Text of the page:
Regular exercise benefits your heart—period. Moving more reduces blood pressure, helps you lose weight ("which in turn helps optimize heart health"), slows diabetes, builds muscle and aerobic capacity, and reduces stress, according to John Hopkins Medical Center experts.
However, a big new study in PLOS Medicine is revealing how much exercise—including walking—you need daily to improve heart health.
Oxford University researchers examined 90,211 persons' activity records from the UK Biobank, a massive health and lifestyle database with records for over 500,000 participants aged 40–69. The researchers divided participants by weekly exercise and intensity. The researchers then identified the individuals who had heart disease.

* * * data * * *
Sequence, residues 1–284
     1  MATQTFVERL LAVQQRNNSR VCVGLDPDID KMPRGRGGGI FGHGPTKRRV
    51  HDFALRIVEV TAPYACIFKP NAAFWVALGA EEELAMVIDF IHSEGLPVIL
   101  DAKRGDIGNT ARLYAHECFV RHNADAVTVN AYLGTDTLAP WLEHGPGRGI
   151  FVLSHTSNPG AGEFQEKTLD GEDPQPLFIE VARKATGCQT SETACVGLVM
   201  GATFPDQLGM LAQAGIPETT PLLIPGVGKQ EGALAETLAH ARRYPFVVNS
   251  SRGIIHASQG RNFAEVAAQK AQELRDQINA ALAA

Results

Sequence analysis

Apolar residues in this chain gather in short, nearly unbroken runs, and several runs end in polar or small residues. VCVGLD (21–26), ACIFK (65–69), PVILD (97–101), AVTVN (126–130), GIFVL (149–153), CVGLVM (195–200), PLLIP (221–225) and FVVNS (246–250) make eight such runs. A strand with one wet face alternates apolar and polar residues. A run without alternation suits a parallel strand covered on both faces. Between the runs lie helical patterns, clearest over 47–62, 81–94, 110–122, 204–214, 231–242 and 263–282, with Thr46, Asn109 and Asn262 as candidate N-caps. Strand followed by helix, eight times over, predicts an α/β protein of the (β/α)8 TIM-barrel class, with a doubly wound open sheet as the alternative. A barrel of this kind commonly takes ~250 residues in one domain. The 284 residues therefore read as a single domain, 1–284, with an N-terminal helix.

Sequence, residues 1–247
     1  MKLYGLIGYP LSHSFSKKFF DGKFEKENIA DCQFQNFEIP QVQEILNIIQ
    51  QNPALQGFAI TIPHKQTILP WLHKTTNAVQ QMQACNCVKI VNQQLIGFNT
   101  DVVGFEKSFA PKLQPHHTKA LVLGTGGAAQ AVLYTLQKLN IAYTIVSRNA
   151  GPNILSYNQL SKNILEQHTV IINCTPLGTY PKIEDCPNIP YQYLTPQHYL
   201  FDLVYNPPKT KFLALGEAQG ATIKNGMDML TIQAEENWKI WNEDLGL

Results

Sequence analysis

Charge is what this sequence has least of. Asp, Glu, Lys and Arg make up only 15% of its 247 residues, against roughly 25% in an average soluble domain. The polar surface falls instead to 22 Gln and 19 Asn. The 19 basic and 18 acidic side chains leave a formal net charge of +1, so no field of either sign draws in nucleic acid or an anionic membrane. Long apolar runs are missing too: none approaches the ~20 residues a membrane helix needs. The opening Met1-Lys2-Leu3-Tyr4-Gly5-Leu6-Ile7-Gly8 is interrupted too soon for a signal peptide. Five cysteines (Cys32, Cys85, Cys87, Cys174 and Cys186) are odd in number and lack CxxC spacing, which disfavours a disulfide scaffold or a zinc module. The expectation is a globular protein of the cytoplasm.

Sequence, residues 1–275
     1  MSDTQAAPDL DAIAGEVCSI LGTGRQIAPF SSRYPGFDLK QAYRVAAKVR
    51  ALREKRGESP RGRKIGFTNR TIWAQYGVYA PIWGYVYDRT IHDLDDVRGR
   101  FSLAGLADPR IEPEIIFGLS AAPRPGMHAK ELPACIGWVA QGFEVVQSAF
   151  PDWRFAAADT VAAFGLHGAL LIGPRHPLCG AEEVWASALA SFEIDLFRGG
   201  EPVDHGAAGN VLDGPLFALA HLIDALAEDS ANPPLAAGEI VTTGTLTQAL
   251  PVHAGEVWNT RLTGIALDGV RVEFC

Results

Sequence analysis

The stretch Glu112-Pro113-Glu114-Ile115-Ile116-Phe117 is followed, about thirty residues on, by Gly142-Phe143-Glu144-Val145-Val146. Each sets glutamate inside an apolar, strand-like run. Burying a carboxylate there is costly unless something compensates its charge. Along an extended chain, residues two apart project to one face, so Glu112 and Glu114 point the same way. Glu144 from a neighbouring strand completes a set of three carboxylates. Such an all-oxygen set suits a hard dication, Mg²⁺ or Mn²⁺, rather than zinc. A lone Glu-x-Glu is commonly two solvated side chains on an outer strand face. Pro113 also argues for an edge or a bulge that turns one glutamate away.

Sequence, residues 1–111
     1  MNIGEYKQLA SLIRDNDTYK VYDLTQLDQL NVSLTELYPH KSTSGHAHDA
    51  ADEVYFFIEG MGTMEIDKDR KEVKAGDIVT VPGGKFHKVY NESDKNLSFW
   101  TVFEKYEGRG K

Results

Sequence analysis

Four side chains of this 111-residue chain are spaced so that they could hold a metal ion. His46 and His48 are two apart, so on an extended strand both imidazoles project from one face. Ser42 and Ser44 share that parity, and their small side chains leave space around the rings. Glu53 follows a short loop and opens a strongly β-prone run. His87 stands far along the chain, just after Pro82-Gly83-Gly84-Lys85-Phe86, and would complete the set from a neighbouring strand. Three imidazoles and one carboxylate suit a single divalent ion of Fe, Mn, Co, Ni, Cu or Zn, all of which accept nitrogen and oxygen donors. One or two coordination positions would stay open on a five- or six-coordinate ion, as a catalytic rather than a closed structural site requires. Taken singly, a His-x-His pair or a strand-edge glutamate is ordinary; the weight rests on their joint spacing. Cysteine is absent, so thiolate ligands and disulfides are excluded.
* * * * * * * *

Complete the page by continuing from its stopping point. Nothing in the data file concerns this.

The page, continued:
The analysis showed that people who didn't exercise doubled their risk of heart disease, while those who walked more than two hours a day (including grocery shopping) and exercised more vigorously for 50 minutes a week had no risk and enjoyed even greater heart disease protection.
The New York Times reports that the study "does not prove that walks and other activities, directly strengthen people's hearts," but "[it proves] that the two are linked."
The study also underlines that daily exercise has no limit on heart-health advantages. "In this large population-based cohort, higher levels of moderate-intensity and vigorous intensity physical activities
as well as total volume, were inversely associated with incident cardiovascular disease with no threshold effect," the study found. "The lack of a threshold effect supports the UK Chief Medical Officer's report that'some physical activity is good, but more is better.'"